Next Project Horus Launch – Horus 56 – Sunday 1st May – NOW TELEMETRY ONLY

Update Sunday 1st May: This telemetry-only launch was a great success, with many new stations contributing telemetry! There will be a separate post with information on the flight. We are still planning to perform the imagery flight next weekend, hopefully avoiding Mothers Day.

The AREG’s High-Altitude Ballooning sub-group, Project Horus, is planning their next launch for Sunday the 1st of May, with a planned launch time of 10 AM.

Updated Saturday 30th April

Due to adverse flight path predictions and cloud cover forecasts, the full imagery launch will not occur on Sunday the 1st of May, and will be postponed to the following weekend, (the exact day TBD) conditional on better weather forecasts.

However, since we have a NOTAM (NOtice To Air Missions) approved for the 1st of May, we will make use of it and do a telemetry-only launch, flying a single 70cm telemetry beacon. We are aiming for a maximum altitude of around 27km.

This is a great opportunity for those who have never tracked a Project Horus launch before to get setup to receive telemetry prior to the full-scale launch the following weekend. See below for information on how to receive the telemetry payload.

Live tracking for the flight will be available on the new SondeHub-Amateur tracker, at:!mt=Mapnik&mz=9&qm=1d&mc=-34.91286,139.36396&q=HORUS-V2

We will now be launching from the Mt Barker High School Oval, with the launch team on-site from approximately 9:30AM. Visitors are welcome!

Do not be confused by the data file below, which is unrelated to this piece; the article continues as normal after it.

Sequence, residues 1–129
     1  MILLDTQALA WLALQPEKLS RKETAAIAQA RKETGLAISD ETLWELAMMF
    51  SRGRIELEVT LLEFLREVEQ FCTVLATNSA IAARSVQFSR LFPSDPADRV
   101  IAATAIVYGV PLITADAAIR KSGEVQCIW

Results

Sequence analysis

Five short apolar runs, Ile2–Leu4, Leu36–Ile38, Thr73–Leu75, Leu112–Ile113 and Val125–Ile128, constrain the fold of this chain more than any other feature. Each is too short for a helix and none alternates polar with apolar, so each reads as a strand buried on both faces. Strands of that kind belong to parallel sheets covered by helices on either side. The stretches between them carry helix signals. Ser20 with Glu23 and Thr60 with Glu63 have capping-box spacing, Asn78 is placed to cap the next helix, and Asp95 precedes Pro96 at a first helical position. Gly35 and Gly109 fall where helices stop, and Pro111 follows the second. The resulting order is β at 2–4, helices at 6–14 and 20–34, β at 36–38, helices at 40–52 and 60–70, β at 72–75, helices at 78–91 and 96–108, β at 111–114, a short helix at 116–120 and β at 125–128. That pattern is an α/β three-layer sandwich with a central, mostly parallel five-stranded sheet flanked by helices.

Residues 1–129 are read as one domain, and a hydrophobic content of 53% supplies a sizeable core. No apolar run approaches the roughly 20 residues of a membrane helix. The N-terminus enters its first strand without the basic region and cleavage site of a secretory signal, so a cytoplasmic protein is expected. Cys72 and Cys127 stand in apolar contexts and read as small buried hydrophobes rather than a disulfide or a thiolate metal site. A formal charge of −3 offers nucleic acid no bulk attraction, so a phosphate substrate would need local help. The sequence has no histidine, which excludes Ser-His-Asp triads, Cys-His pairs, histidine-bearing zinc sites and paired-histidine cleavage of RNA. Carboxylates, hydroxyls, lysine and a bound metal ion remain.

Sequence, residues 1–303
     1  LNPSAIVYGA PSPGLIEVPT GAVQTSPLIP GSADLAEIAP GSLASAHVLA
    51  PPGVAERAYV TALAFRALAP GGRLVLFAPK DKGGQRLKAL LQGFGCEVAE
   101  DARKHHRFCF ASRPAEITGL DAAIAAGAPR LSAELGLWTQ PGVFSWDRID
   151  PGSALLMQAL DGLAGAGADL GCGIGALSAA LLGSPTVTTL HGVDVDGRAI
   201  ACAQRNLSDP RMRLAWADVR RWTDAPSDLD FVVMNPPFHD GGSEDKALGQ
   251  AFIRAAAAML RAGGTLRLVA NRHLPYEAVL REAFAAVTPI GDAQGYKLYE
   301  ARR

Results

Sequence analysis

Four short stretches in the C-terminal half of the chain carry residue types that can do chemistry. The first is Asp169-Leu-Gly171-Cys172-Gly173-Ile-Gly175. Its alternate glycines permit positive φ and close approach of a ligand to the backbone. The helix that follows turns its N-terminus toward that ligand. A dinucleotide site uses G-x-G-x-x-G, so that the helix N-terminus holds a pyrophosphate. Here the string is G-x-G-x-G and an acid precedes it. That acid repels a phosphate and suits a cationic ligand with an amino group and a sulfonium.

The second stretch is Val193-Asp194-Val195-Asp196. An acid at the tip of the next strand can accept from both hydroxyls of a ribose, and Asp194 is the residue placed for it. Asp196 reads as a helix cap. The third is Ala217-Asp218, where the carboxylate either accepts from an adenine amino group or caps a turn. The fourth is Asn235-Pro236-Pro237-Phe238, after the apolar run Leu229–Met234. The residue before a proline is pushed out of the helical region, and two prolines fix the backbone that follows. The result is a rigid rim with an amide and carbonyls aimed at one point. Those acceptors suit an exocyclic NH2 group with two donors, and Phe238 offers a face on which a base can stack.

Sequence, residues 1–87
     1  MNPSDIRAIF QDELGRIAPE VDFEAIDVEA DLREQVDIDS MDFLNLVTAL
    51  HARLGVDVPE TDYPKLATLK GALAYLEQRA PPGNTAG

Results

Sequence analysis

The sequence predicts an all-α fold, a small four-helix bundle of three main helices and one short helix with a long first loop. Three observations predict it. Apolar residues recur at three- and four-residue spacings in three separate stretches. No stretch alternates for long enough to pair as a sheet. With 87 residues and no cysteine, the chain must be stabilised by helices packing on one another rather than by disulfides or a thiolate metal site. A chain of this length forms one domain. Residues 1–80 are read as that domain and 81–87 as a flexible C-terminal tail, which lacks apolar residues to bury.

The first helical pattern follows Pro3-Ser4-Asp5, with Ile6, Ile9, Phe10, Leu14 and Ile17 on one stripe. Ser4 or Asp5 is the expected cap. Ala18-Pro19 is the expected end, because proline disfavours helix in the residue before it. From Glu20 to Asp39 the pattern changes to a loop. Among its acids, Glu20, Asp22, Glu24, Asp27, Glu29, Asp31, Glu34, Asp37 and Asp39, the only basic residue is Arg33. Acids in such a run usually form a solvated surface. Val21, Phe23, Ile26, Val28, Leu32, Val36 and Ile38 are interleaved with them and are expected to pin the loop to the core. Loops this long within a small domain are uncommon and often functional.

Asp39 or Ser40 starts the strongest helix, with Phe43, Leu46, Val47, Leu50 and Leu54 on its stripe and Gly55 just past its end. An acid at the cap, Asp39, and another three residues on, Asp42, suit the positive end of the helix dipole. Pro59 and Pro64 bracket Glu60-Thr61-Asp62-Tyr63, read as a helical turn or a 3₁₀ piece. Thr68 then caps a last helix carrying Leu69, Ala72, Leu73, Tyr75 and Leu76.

The current flight path predictions have the payload landing to the east of Purnong:

Primary Telemetry – 434.200 MHz

Reprogrammed RS41The primary tracking telemetry will be transmitted on 434.200 MHz using the Horus Binary 4FSK data mode. Amateurs in the Adelaide and Central SA region are also encouraged to get involved with the flight through receiving and uploading flight telemetry from our 70cm band tracking beacons. Every piece of telemetry data is valuable to the flight tracking and recovery teams so if you can help join the distributed receiver network to collect that data you will be making an important contribution to the project!

If you try receiving the telemetry from this flight, you’ll need a SSB-capable 70cm receiver (or a SDR), and the Horus-GUI telemetry decoder software. A brief guide on setting this up is available here:

Note that you will need to use a ‘dial’ frequency of 434.199 MHz for the 4FSK signal to be centred in your receiver passband and hence be decodable.

Tracking Details – Imagery – 443.500 MHz

This payload will not be flying on Sunday the 1st of May. We hope to fly this on our backup launch date of Sunday the 8th of May.

Imagery on this flight will be transmitted via the Wenet downlink system, which uses 115kbit/s Frequency-Shift-Keying to send HD snapshots. Reception of the Wenet imagery requires a Linux computer, a RTLSDR, and a 70cm antenna with some gain (a 5-element Yagi is usually enough).

Imagery received via the Wenet payload from a previous flight.

A guide on how to get set up to receive the Wenet signal is available here:

During the flight, the live imagery will be available at this link: